3. Dental Procedures
Sometimes preventive care points out issues that your dentist needs to address. Cavities may require fillings in order to prevent the tooth decay from spreading. An infected root canal may require root canal treatment. According to the American Association of Endodontists, a root canal procedure involves removing the infected pulp within the tooth. In other cases, your dentist may discover a cracked tooth or a cavity that is too large for a filling. If so, the dentist may recommend covering the tooth with a cap or crown to restore strength and prevent further damage.
2. Orthodontics and Prosthodontics
Your dental insurance may or may not cover orthodontics and prosthodontics. According to Medline Plus, orthodontics refers to the use of braces or other devices in order to straighten the teeth, improve the bite, and properly align the jaws, lips, and teeth. Meanwhile, the American College of Prosthodontists defines prosthodontics as a dental specialty which focuses on correcting issues caused by missing tooth, face, or jaw structures. To determine if your dental plan covers these types of issues, check the fine print in your insurance contract.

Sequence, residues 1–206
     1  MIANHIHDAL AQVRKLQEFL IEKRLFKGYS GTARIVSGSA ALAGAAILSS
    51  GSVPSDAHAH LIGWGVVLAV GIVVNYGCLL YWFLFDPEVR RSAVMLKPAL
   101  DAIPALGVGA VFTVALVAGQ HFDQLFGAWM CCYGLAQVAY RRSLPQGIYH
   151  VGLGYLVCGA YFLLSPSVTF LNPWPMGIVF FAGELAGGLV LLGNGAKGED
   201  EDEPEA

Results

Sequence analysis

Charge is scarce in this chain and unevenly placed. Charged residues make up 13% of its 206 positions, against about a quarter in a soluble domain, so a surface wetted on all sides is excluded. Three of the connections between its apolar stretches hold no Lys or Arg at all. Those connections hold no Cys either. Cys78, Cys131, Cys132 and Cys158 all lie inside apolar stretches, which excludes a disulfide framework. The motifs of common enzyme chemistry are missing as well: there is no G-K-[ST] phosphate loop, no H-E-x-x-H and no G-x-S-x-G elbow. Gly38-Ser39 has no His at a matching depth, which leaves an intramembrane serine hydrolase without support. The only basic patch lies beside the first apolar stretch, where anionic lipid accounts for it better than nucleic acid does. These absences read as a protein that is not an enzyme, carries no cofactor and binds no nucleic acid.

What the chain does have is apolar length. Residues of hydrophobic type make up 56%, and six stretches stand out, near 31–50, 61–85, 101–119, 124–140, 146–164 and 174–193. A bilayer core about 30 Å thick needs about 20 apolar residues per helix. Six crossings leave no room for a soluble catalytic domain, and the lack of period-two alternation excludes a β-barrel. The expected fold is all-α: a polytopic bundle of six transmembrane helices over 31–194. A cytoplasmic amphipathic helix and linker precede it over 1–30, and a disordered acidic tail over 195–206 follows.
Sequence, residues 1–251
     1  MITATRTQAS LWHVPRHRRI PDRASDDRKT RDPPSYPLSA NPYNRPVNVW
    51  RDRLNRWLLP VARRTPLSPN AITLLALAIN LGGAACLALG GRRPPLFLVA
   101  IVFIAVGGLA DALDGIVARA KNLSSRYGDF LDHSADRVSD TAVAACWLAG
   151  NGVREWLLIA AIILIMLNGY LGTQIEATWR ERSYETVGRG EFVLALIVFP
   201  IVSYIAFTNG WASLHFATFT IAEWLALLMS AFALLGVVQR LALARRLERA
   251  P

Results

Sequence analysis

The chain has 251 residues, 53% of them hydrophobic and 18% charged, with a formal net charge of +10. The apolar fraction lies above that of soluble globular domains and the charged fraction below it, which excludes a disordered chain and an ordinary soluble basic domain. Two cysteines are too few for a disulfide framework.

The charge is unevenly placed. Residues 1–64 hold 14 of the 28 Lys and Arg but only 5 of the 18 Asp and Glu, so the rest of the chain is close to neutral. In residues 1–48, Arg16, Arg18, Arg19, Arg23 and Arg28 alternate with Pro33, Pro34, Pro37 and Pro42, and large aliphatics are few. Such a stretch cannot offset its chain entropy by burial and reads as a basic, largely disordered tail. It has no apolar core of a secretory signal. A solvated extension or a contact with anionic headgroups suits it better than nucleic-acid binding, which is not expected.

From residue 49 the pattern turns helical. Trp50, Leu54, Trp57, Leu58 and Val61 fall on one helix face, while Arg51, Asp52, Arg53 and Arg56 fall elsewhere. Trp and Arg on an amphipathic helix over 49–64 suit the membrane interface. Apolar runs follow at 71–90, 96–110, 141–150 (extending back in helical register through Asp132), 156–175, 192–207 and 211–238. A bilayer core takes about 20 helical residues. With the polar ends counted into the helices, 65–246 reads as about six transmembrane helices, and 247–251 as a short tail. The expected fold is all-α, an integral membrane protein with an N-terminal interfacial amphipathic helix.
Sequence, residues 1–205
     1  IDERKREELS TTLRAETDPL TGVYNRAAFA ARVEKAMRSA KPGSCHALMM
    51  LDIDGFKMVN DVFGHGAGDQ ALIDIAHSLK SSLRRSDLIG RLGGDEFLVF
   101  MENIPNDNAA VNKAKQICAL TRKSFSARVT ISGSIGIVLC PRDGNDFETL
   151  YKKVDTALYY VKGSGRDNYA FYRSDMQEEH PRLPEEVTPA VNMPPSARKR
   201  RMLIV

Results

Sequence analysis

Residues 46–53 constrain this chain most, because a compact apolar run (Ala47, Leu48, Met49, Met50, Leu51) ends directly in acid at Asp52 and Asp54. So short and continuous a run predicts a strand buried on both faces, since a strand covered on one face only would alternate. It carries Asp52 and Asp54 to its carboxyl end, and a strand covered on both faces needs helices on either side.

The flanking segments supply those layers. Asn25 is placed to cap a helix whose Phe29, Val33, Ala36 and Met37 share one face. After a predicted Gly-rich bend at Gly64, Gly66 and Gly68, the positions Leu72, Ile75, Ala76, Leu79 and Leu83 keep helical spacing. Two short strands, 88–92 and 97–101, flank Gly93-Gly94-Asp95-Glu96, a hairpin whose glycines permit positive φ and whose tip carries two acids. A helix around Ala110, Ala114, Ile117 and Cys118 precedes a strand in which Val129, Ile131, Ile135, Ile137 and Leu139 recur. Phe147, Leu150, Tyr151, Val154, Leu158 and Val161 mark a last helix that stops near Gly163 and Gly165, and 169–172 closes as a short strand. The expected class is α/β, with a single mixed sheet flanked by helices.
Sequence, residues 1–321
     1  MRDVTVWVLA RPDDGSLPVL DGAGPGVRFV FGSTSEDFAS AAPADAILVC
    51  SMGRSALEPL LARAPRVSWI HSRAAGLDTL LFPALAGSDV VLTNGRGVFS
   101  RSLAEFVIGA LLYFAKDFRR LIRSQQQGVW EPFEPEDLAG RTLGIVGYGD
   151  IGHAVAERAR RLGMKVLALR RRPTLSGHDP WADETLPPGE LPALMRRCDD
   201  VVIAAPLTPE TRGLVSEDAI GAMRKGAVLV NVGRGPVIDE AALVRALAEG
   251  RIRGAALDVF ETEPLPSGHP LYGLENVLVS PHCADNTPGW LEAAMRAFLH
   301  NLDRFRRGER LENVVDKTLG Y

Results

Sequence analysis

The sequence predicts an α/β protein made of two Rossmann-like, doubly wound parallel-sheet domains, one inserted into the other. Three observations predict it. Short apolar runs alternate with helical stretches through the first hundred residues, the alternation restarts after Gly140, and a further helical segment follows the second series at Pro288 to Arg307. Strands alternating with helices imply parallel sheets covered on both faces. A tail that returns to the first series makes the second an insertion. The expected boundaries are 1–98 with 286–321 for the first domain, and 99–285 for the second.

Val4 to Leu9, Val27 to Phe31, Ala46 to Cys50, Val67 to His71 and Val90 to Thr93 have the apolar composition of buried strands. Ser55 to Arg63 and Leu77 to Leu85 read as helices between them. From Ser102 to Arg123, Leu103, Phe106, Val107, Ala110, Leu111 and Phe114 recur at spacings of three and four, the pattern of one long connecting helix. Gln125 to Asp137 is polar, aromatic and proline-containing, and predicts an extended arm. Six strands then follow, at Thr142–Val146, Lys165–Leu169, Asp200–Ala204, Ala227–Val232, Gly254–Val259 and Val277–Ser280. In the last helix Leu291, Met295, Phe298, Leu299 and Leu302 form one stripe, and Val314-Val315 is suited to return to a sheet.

1. Typical Coverage Structure
When researching dental plans, you may notice that most follow a 100-80-50 coverage structure. This means they cover preventive care such as tooth cleanings at 100%. Basic procedures such as fillings or root canals may be covered at 80%, which means plan members pay 20% for these treatments. Major procedures, such as crowns or bridges, may require plan members to cover 50% or more of the costs. In any plan, certain treatments may not be covered at all. This may include items such as fluoride treatments, sealants, or braces.